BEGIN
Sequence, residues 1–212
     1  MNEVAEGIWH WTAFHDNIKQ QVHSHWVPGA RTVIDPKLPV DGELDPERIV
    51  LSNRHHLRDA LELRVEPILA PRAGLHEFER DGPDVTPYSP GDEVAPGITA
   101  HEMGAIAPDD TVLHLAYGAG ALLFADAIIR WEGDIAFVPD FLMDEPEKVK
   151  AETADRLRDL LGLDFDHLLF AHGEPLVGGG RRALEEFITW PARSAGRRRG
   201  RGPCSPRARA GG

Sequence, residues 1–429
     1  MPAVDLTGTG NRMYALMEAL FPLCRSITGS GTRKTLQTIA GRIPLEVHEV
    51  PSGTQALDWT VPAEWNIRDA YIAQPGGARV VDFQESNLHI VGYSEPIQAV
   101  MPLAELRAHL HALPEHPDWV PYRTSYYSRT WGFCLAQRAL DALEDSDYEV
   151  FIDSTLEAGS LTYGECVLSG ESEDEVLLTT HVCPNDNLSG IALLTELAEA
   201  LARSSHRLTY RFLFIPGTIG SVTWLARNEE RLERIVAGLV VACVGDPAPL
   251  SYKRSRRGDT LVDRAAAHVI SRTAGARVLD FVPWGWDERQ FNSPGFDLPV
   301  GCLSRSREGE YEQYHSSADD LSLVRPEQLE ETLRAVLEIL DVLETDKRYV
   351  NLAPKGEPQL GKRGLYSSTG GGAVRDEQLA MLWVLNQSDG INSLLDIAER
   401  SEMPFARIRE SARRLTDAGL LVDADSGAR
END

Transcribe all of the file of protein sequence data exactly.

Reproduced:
Sequence, residues 1–212
     1  MNEVAEGIWH WTAFHDNIKQ QVHSHWVPGA RTVIDPKLPV DGELDPERIV
    51  LSNRHHLRDA LELRVEPILA PRAGLHEFER DGPDVTPYSP GDEVAPGITA
   101  HEMGAIAPDD TVLHLAYGAG ALLFADAIIR WEGDIAFVPD FLMDEPEKVK
   151  AETADRLRDL LGLDFDHLLF AHGEPLVGGG RRALEEFITW PARSAGRRRG
   201  RGPCSPRARA GG

Sequence, residues 1–429
     1  MPAVDLTGTG NRMYALMEAL FPLCRSITGS GTRKTLQTIA GRIPLEVHEV
    51  PSGTQALDWT VPAEWNIRDA YIAQPGGARV VDFQESNLHI VGYSEPIQAV
   101  MPLAELRAHL HALPEHPDWV PYRTSYYSRT WGFCLAQRAL DALEDSDYEV
   151  FIDSTLEAGS LTYGECVLSG ESEDEVLLTT HVCPNDNLSG IALLTELAEA
   201  LARSSHRLTY RFLFIPGTIG SVTWLARNEE RLERIVAGLV VACVGDPAPL
   251  SYKRSRRGDT LVDRAAAHVI SRTAGARVLD FVPWGWDERQ FNSPGFDLPV
   301  GCLSRSREGE YEQYHSSADD LSLVRPEQLE ETLRAVLEIL DVLETDKRYV
   351  NLAPKGEPQL GKRGLYSSTG GGAVRDEQLA MLWVLNQSDG INSLLDIAER
   401  SEMPFARIRE SARRLTDAGL LVDADSGAR